Medicare Set-Aside Trusts - Part 3
Saturday, October 26, 2002 | 1758 | 0 | min read
Two articles thus far have been presented in this series. The first introduced the concept and reasons for it. The second discussed applicable definitions and the difference between a commutation and a compromise and release for Medicare purposes. This article reviews the technical use of this instrument.
Using the Medicare Set-Aside Trust
A Medicare Set-Aside Trust is funded with a lump sum specifically designated in the release and settlement as being for those medical bills which Medicare would otherwise be required to pay. The claimant may "submit bills related to the injury or illness" to the trustee. Each year, the trustee provides an accounting to Medicare. When the monies in the Medicare Set-Aside Trust are exhausted, then pursuant to the MIM, the claimant is eligible for Medicare benefits for all covered medical expenses, whether work-related or not.
Theoretically, the monies in the Medicare Set-Aside Trust could be spent down in one year or ten years. What matters is that Medicare approved the amount allocated toward future medicals (medicals that Medicare would pay) before the case is settled. In this way, the claimant is assured that the monies set aside in the Medicare Set-Aside Trust will be sufficient to satisfy Medicare that its interests have been reasonably considered.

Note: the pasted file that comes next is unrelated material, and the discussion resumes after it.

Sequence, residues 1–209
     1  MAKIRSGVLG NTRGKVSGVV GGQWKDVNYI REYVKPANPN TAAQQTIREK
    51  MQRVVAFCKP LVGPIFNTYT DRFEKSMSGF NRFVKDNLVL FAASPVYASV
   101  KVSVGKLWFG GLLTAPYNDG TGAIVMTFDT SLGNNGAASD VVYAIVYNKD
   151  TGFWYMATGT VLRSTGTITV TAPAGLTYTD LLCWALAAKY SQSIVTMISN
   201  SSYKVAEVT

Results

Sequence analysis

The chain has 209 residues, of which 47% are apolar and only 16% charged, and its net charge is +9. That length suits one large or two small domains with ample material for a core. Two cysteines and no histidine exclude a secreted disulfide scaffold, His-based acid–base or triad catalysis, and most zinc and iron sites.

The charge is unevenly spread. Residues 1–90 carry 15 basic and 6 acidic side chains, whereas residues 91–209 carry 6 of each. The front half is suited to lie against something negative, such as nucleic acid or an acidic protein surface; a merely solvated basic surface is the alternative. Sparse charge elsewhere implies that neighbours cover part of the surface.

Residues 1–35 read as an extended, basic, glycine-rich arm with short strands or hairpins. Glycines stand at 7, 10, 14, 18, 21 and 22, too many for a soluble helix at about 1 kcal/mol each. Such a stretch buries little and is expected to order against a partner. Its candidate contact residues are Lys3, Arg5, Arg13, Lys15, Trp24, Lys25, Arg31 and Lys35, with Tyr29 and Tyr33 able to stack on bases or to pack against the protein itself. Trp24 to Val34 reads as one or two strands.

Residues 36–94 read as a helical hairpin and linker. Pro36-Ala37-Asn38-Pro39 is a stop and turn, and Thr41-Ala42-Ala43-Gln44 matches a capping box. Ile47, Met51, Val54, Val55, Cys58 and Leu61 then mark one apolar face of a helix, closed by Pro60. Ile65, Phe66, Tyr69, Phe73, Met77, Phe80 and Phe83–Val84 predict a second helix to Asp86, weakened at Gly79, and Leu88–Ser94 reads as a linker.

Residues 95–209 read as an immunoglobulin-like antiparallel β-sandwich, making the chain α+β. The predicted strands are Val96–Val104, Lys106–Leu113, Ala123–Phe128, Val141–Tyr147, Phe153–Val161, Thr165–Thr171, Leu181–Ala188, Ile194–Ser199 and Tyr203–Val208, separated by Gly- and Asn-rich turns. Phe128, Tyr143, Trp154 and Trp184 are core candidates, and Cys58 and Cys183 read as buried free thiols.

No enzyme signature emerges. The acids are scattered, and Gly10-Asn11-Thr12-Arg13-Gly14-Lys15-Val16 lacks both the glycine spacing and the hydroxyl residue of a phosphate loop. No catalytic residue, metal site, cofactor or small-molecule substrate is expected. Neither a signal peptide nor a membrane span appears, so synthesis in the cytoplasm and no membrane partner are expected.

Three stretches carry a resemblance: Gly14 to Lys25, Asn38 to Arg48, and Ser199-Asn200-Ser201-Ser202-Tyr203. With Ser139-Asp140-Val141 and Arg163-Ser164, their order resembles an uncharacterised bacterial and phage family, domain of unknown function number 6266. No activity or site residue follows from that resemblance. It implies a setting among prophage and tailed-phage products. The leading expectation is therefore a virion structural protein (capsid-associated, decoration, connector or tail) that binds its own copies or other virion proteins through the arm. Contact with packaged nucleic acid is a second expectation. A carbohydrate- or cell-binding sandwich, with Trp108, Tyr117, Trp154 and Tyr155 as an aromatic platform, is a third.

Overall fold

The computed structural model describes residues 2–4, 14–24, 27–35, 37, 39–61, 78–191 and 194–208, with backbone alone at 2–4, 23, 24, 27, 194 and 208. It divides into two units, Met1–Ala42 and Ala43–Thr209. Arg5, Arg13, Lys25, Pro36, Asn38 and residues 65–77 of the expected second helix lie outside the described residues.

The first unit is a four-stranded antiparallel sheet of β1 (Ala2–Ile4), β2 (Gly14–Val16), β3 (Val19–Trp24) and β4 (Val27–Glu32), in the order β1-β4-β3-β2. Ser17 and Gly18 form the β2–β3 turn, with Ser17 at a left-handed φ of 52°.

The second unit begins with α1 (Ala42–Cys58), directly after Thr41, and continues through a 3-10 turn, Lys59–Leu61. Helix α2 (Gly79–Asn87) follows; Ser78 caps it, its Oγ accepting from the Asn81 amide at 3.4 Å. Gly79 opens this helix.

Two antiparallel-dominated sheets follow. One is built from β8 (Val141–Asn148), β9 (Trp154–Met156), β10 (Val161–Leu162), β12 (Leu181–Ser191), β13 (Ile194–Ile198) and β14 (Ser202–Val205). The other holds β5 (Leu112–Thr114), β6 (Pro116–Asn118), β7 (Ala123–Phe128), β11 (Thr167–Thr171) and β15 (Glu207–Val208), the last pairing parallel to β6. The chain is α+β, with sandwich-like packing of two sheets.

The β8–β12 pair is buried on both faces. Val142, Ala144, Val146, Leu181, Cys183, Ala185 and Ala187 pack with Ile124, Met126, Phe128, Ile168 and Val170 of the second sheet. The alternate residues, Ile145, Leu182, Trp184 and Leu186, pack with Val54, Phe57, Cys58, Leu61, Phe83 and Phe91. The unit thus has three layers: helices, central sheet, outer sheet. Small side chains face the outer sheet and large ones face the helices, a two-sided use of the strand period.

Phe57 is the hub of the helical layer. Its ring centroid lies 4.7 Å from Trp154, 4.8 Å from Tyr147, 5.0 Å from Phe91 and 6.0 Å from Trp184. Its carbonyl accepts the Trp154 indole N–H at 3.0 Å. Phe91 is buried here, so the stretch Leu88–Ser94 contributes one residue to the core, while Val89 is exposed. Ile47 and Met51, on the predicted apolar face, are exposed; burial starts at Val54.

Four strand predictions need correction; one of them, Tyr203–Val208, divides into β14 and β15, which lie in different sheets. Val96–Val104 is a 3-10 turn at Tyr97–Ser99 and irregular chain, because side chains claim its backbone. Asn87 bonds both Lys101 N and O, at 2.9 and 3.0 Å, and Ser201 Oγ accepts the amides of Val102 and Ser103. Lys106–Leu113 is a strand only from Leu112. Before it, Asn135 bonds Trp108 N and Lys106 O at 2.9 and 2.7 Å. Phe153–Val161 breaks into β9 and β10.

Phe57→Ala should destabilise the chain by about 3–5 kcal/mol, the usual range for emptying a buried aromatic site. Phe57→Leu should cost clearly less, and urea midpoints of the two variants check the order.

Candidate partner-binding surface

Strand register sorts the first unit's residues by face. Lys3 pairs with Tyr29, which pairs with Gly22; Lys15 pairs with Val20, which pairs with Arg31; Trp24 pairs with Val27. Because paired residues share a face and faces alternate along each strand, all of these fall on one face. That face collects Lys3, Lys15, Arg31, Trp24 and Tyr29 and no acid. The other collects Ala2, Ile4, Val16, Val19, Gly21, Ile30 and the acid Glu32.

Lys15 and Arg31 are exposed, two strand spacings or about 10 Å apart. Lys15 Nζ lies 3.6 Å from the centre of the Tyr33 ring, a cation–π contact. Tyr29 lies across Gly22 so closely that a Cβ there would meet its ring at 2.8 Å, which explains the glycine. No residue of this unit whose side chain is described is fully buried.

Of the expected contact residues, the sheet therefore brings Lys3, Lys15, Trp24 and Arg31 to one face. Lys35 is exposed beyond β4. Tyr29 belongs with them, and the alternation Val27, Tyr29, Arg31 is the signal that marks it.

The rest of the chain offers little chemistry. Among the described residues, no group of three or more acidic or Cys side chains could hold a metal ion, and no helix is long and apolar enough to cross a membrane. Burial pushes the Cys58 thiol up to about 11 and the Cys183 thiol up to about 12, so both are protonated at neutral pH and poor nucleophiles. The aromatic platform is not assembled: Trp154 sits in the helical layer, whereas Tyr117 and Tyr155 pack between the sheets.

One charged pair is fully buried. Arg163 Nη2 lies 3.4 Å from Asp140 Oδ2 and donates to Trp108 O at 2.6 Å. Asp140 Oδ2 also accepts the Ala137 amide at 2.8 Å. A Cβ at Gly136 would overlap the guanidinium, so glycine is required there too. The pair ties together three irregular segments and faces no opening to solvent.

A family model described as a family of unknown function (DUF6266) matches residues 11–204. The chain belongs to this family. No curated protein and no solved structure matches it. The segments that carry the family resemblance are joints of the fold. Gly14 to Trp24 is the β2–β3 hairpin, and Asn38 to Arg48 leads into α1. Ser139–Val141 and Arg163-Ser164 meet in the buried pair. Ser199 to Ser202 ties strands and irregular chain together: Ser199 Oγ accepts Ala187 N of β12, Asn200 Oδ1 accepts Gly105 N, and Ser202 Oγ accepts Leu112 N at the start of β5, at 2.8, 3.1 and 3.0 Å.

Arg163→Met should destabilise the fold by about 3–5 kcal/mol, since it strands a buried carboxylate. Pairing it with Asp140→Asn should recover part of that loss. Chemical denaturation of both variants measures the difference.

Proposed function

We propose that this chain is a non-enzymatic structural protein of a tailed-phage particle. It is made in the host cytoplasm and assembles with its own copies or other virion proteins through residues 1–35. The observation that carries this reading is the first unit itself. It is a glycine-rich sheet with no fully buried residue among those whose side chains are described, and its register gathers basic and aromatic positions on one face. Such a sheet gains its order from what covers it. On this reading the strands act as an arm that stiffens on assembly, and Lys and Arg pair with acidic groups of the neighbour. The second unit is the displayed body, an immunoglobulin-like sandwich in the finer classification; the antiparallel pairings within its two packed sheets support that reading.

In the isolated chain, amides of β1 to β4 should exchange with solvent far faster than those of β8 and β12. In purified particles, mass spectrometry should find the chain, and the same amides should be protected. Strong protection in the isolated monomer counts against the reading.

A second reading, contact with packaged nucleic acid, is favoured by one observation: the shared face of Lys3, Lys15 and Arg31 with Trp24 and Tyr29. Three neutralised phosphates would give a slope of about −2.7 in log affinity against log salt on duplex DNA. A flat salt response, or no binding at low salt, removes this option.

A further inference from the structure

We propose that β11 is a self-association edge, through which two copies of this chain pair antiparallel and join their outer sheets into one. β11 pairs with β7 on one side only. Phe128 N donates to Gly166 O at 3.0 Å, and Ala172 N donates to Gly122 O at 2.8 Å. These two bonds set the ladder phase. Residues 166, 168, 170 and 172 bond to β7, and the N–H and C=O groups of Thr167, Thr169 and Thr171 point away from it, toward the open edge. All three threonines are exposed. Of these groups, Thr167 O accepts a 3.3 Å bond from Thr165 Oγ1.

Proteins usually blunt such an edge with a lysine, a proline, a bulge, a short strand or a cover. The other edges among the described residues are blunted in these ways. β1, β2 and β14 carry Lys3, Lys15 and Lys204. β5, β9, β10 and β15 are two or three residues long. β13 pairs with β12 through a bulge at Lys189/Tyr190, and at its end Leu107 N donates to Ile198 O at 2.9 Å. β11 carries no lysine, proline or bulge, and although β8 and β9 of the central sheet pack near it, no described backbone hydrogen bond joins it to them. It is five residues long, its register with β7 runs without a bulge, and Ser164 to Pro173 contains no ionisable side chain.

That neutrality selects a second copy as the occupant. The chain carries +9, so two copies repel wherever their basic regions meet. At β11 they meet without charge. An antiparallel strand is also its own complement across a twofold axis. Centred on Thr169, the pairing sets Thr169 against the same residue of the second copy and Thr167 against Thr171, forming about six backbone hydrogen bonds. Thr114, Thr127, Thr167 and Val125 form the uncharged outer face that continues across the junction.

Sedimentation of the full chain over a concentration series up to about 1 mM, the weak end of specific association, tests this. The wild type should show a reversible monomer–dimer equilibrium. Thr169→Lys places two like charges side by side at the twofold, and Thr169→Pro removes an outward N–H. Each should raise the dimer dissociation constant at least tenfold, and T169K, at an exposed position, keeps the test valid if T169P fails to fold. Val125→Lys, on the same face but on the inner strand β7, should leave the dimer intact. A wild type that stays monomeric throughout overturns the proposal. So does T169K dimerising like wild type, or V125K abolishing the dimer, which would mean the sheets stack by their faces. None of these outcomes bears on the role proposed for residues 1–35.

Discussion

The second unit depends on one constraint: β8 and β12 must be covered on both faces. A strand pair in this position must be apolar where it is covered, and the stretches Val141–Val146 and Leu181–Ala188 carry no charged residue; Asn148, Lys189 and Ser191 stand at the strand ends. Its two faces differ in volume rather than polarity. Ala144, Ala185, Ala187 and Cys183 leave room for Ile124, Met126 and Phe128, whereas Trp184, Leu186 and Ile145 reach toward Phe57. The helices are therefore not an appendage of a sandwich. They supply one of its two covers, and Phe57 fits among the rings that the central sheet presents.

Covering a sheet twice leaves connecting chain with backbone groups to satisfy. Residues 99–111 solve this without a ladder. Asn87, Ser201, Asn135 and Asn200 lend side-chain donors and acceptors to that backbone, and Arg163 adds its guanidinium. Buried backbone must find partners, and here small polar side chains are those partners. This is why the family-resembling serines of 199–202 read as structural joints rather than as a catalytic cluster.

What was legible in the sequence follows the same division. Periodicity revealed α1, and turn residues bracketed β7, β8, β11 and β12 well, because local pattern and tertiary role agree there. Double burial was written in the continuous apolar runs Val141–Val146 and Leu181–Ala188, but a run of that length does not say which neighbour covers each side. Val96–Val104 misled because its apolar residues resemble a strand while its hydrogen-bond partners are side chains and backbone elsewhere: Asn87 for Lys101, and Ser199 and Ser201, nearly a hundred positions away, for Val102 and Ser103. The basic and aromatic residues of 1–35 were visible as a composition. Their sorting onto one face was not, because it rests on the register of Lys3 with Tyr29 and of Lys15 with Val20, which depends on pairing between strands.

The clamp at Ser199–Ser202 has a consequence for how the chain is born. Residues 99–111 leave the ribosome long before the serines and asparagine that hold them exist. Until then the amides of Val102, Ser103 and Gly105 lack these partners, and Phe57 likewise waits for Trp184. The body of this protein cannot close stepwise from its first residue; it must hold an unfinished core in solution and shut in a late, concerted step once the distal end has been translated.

It is not a good idea to fund a Medicare Set-Aside Trust with a structured settlement. The monies in the trust must be readily available to the beneficiary and they must be such that they can be expended, concluded and depleted. When the monies are gone, the claimant is eligible for Medicare coverage of his work-related medical expenses. If the trust is funded with a structure, the amount of the structure payment may be insufficient, in any one year, to cover unanticipated skilled medical expenses. Further, the pay out period on the structure may be arbitrary or unrealistic. It is far better to fund the Medicare Set-Aside Trust with a lump sum calculated to cover the claimant's skilled medical expenses for a future period of time and to structure the balance of the settlement.
Reopening The Worker's Compensation Settlement
Carriers are often skeptical that Medicare must be involved in a compromise settlement before the settlement is final. Generally speaking, the practice in the country is to settle WC claims, having the claimant sign a settlement agreement in which the claimant acknowledges that his right to future Social Security and Medicare benefits is not guaranteed and the carrier is released from all claims. This is a mistake - both for the carrier and the claimant.
Section 2370.6 of the MCM provides that:
"A decision by a state WC agency on a . . . compromise settlement which has been approved by the agency should be accepted as a basis for applying the WC exclusion, except where the settlement did not make reasonable provision for payment under WC of all work-related medical expenses. Thus, where an individual has been denied WC benefits for a particular illness or injury, allow claims for treatment of that condition, unless the settlement is clearly inconsistent with the medical facts . . . and has the effect of shifting to the Medicare program, liability for medical expenses which are the responsibility of the state WC program. Where it is clear that an attempt was made to shift responsibility to the Medicare program, deny the Medicare claim. Explain your conclusions in detail in the denial notice and state that the beneficiary may wish to request a reopening under the WC law."